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Culture, Self-Identity, and Work$
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Miriam Erez and P. Christopher Earley

Print publication date: 1993

Print ISBN-13: 9780195075809

Published to Oxford Scholarship Online: October 2011

DOI: 10.1093/acprof:oso/9780195075809.001.0001

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Work Motivation

Work Motivation

Chapter:
(p.97) 5 Work Motivation
Source:
Culture, Self-Identity, and Work
Author(s):

Miriam Erez

Publisher:
Oxford University Press
DOI:10.1093/acprof:oso/9780195075809.003.0005

Organisational motivations grounded on a cross-cultural approach are essential in the analysis of the factors that affect employees' (though different) persistence, volunteerism, and goal-directed actions. Even if there are explanations about drives according to the hierarchy-of-needs approach, the goal-setting theory, and the expectancy paradigm, these are insufficient in establishing the correspondence of several motivational strategies and behavioural patterns with cultural features. Such relationship is made possible by the self-regulatory processes, which come in the form of monitoring, assessing, and responding; and later on, builds the total belief system. Self-observation lets individuals look upon their own experiences, undertakings, and outputs. Self-appraisal involves feedback from significant others, selected social references, and personal reactions. These indicators of an integrative total belief system improve an individuals' self-concept, which affects that person's competence and performance, specifically in an organisational context.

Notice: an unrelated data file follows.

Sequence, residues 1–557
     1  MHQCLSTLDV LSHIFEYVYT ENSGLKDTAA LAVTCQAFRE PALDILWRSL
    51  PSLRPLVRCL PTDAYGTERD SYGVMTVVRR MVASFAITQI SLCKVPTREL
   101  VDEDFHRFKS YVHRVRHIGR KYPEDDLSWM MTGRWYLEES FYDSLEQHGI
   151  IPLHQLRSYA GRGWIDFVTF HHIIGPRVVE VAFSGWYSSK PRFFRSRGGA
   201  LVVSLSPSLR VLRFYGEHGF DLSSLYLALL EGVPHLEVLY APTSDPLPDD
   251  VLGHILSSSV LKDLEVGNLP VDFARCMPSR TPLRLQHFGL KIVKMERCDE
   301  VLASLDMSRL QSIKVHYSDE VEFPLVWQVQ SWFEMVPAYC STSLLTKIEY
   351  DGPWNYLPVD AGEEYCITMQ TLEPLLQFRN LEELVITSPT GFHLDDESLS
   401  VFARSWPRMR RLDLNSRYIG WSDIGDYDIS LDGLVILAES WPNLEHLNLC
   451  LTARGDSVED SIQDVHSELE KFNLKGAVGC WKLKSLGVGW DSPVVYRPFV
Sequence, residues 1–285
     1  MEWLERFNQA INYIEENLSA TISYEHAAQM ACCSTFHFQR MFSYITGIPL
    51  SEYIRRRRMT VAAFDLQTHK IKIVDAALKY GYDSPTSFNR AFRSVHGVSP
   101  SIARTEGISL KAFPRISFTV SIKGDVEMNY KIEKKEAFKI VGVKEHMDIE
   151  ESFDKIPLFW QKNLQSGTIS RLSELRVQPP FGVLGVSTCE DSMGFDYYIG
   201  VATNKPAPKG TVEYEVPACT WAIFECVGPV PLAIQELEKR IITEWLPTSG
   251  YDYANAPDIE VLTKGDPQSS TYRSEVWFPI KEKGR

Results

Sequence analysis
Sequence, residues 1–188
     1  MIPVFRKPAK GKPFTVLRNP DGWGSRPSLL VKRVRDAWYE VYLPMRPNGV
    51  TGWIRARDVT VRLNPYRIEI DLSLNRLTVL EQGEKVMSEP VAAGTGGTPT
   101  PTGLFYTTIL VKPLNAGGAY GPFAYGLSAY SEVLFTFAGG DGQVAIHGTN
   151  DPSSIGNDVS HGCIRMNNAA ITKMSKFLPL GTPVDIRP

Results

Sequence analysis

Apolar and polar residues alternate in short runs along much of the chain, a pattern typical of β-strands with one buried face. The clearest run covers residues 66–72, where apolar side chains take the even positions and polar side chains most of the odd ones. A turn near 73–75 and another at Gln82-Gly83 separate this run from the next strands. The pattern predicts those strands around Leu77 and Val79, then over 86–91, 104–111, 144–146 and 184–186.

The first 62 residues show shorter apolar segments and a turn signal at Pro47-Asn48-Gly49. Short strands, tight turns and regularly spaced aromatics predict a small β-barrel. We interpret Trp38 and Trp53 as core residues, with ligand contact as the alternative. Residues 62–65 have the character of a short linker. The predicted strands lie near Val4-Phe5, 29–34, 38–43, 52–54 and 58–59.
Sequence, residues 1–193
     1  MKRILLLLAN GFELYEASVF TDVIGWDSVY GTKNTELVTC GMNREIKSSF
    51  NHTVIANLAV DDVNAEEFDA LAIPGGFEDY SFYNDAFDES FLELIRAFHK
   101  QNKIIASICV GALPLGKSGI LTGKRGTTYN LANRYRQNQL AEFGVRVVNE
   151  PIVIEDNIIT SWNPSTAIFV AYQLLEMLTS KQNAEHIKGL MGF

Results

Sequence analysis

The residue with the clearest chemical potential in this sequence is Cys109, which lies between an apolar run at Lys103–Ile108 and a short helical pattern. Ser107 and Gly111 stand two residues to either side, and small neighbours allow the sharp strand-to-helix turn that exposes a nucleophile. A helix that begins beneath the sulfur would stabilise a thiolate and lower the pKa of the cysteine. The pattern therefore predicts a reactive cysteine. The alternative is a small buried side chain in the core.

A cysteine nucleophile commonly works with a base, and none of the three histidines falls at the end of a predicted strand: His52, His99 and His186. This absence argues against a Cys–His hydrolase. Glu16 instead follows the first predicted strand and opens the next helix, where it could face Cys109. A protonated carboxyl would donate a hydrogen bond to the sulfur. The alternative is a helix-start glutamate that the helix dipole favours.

Keywords:   organisational motivations, cross-cultural approach, employees, self-regulatory processes, belief system

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